Local market forces will greatly affect this. For instance, are there competing providers in the market, and if so, what is their reputation? Do you have an adequate primary care base to support the new physicians? How desirable is your market from the standpoint of recruiting providers into it? The answers to these questions will ultimately determine how long a build strategy will take. However, in many cases it will take at least 2 years to reach a point of critical mass through this approach.
How should competitive responses from independent primary care practices be addressed?
It is important to make reasonable efforts to work with established community providers. If this is not possible, an alternative strategy should be enacted as quickly as possible, whether that is employment of existing providers or recruitment of new ones.
What is the sequencing of physician group acquisitions? Should we start with primary care, or subspecialties such as oncology and cardiology? If we have gone down the path of one or the other, should we switch midstream?
Ideally, organizations would begin by developing their primary care base and then adding subspecialties once there is an adequate PCP base to support them. However, the reality is that market forces are dynamic and health systems need to be able to adapt. If subspecialty acquisition opportunities present themselves, organizations should carefully evaluate them, asking questions such as:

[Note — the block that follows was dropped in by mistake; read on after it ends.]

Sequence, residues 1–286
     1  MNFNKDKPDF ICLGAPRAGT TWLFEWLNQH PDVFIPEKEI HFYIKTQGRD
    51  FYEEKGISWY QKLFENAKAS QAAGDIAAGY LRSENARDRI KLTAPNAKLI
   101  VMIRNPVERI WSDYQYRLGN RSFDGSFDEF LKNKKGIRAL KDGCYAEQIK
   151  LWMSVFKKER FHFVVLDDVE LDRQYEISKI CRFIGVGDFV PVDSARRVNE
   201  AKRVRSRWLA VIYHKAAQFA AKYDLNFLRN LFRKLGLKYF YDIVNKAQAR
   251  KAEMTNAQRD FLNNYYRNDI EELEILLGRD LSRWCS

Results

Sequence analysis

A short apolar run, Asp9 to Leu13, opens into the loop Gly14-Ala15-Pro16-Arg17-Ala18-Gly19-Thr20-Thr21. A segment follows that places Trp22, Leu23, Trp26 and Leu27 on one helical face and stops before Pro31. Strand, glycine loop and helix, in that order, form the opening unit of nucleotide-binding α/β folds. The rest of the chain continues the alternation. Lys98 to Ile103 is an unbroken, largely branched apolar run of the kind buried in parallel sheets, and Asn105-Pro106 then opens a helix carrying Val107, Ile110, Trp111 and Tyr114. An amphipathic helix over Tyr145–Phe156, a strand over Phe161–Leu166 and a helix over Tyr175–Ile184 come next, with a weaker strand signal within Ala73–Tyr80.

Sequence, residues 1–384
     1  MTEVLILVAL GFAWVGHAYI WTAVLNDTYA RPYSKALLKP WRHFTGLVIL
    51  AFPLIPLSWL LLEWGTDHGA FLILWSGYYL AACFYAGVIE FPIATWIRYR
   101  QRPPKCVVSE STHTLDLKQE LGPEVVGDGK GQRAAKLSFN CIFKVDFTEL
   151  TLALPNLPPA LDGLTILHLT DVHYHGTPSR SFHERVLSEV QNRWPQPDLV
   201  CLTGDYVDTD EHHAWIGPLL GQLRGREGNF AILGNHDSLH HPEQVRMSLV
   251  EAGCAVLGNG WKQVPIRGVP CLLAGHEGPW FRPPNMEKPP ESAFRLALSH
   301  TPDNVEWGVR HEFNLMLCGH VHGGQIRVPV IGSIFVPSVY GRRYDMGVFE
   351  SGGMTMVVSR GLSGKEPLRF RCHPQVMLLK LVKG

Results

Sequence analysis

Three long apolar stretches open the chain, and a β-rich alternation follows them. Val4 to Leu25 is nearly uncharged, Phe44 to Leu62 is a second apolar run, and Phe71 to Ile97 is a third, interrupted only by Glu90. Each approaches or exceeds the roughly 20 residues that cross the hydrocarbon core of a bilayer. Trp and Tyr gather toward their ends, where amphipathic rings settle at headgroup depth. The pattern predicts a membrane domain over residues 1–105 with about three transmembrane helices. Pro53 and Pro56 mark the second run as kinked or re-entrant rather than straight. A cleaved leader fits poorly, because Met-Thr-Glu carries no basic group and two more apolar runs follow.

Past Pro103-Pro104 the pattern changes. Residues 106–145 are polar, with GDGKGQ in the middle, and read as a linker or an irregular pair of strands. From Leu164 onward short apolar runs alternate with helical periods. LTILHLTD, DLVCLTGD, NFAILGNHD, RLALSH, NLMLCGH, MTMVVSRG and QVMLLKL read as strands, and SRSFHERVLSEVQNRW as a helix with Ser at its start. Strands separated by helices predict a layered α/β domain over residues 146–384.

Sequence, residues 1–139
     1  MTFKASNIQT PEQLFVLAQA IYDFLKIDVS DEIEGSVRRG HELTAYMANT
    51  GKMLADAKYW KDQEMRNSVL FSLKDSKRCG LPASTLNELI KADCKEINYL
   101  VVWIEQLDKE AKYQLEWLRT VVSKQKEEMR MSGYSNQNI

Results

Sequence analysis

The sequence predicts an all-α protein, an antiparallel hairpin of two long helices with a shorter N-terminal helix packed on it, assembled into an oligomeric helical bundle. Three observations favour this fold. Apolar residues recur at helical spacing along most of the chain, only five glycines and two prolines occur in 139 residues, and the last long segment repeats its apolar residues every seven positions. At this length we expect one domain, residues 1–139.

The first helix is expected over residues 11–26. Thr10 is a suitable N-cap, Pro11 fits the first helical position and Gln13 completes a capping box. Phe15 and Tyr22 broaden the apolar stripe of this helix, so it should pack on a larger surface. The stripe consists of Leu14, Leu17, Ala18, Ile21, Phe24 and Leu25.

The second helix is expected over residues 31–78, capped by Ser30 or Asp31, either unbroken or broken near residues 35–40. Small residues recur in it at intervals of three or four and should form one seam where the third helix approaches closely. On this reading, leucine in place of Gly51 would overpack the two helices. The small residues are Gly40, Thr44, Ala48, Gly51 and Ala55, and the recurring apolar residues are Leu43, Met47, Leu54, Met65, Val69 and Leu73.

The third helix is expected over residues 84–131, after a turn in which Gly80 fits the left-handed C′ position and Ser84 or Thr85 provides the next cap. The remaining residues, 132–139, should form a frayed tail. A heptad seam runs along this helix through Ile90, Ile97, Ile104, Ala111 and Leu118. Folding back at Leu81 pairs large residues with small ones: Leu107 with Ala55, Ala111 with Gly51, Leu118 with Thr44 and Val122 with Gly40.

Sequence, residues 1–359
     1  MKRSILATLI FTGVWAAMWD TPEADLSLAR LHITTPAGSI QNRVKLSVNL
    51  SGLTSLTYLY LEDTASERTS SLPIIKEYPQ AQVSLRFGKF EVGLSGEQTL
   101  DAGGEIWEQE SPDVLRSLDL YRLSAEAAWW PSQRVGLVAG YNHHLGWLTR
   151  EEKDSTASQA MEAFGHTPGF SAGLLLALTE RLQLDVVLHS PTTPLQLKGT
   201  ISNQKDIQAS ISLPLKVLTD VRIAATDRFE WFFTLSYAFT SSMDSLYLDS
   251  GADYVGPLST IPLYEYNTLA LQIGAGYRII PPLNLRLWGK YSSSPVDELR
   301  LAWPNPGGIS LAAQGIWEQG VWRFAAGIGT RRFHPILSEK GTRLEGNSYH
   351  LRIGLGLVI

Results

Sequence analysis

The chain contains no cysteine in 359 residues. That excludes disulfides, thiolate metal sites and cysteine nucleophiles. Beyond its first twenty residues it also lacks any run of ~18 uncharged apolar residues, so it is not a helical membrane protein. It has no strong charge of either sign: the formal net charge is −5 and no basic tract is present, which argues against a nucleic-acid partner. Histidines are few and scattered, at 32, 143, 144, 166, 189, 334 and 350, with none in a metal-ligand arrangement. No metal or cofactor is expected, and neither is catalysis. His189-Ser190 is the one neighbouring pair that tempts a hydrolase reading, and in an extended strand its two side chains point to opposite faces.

- Do these providers have an adequate referral base?
- Will the referral base continue to support the providers if they become employed?
- Do we have the clinical capabilities to support this program?
- Is the specialty in line with priority areas for our organization?
If the answer to these questions is yes, then it likely makes sense to proceed with the acquisition. Similarly, acquisitions that are already in process may be reevaluated based on these same questions to ensure they make sense for the organization.
What if the providers in the community are not willing or interested in being acquired or employed by the hospital?
If your organization is committed to preparing for value-based reimbursement, it will need to have a critical mass of aligned providers. This does not mean alignment with all providers in the market, or that those who are aligned need to be employed. Rather, the health system needs enough physicians in the applicable specialties to serve its patient population. If physicians are not interested in employment, health systems should endeavor to align with them through other contractual arrangements, preferably arrangements that are as tightly integrated as possible (e.g., a PSA). If health systems are unsuccessful at aligning with providers, they should strongly consider building their own program to compete with them.
If you weren’t able to attend this webinar, you can view the recording here. ECG’s transaction experts will host another webinar on February 11, titled “To Acquire or Not Acquire That Physician Practice.” We hope you’ll join us. For more on this topic, download your copy of “Build, Buy, or Align: Creating Clinically Integrated Health Systems.”